Cast: Girish Kumar, Shruti Haasan, Sonu Sood,
Randhir Kapoor, Vinod Khanna, Poonam Dhillon
Duration: 2 hours 28 minutes
Story: A NRI boy falls in love with gaon-ki-girl, their families oppose, but he labours to win them over. Movie Review: Welcome to Animal Farm. With ample chicks, hens, horns; many ‘murgas’, mulgis, mummyjis and baaratis. Add to this rustic beauty some colours of harvest, village belles, jadoo ki jhappi (read: item number by Jacqueline Fernandez) and of course, amidst it all – blooming romance in fields of gold.
In pure Prabhudheva style – with spoonfuls of desi ghee! Ram (Girish), billionaire baap (Randhir) ka beta from Australia, lands in India for a wedding, where he’s stunned to see lovely ladies bedecked in salwar-kamzeez and sarees (Whaaat? Kis khet ki mooli hai yeh?!). He falls in love with the bride’s best friend, the simple gaonki- chori, Sona (Shruti). She’s forced to leave him, but Ram follows her to the village and swears to win over her bhaiya, the proud kisaan, Raghuvir (Sonu).
The billion-dollar-baby turns desi-cool – He ploughs, milks the cows (even puts them on a diet), and does a ‘shitload’ of work (with gobar, ghaas, et al). The film (remake of Prabhudheva’s debut directorial Telugu film) isn’t ripe with any newness – in story or direction. In fact, it discernibly replants stories from the 80’s-90’s era (remember: ‘Maine Pyar Kiya’, ‘Pyar Kiya Toh Darna Kya’), with cliches, a banal plot, an field-full of supporting cast (of which Kapoor and Khanna are underused but good) and a budding lead pair.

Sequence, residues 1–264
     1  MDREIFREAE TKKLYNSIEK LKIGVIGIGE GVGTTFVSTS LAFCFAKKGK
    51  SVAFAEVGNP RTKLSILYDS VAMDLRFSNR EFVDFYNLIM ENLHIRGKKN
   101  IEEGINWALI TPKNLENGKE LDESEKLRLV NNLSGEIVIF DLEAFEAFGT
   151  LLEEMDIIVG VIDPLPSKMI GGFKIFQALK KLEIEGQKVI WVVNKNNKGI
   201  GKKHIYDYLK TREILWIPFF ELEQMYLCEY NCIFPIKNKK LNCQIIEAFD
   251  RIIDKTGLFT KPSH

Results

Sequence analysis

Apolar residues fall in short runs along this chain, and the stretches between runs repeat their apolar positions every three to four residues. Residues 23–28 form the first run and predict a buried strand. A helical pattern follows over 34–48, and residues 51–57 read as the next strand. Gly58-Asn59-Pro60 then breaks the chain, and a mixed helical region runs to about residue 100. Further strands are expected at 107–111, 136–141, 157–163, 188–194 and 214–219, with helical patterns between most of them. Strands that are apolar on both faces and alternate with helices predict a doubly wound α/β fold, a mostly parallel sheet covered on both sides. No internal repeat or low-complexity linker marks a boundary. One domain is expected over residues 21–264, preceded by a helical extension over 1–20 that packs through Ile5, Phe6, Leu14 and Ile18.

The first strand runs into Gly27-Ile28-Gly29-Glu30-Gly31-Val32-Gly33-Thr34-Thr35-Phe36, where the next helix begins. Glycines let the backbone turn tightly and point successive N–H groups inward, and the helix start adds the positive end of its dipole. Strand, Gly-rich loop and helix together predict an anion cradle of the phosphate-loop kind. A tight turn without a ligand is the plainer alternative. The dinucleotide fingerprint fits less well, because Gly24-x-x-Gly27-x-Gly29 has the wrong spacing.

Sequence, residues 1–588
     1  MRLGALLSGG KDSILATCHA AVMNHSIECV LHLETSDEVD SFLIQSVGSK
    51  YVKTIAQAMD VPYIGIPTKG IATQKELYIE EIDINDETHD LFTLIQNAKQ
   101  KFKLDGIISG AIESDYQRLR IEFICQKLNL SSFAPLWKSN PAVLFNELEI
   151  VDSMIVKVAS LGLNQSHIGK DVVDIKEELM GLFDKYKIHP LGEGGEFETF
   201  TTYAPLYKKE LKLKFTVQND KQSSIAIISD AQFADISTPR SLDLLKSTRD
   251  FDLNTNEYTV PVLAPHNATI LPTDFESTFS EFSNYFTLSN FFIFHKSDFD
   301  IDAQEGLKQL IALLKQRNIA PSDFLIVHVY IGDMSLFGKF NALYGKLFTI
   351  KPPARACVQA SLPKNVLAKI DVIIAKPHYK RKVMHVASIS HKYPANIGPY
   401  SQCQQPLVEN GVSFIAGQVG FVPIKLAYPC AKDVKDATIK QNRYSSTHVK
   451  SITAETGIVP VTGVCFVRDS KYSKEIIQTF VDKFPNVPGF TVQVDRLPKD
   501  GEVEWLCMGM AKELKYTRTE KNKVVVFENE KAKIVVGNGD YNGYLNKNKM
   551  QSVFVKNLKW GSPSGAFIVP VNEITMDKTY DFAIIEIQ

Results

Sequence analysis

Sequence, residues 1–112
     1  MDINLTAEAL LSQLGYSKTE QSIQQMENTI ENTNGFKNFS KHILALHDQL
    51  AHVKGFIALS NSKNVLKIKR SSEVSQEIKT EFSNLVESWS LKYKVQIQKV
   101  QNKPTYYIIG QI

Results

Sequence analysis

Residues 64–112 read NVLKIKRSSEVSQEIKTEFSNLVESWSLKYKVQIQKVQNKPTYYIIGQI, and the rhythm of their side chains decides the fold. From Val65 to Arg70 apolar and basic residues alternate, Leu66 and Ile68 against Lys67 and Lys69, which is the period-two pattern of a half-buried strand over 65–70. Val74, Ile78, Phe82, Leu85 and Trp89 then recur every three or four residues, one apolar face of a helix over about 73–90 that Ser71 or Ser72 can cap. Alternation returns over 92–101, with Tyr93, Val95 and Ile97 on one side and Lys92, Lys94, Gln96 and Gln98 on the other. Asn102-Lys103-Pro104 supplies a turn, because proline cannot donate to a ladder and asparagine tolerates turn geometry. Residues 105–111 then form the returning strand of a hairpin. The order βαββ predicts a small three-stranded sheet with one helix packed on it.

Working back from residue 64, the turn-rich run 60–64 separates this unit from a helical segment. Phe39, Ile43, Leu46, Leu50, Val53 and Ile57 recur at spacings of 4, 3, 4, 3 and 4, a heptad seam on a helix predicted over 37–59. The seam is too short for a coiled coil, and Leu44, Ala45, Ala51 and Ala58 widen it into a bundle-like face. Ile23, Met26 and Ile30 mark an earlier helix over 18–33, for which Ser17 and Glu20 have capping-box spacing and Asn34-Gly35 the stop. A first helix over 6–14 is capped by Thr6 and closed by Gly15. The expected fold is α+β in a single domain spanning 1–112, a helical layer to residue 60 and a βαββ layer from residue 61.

Debutant Girish makes a splash of an entry (surfing in blue seas, ‘Bond’ babes take a bow), and dances with flair. His overly exuberant performance seems flaky in the first half. Later, when he turns from a cool to kisaan, he breaks loose and performs a tad better. Shruti looks the desi beauty; her performance is not striking, yet likeable. Sonu is the best of the ‘crop’, his years of labour as an actor shows.
There are few good laughs, doses of sweetness and fresh melodies (Sachin-Jigar), but sadly even that is mowed down by heightened histrionics, routine dialogues and a trite tale. This one’s like a pretty field decked up in celebration, but with no real harvest to show.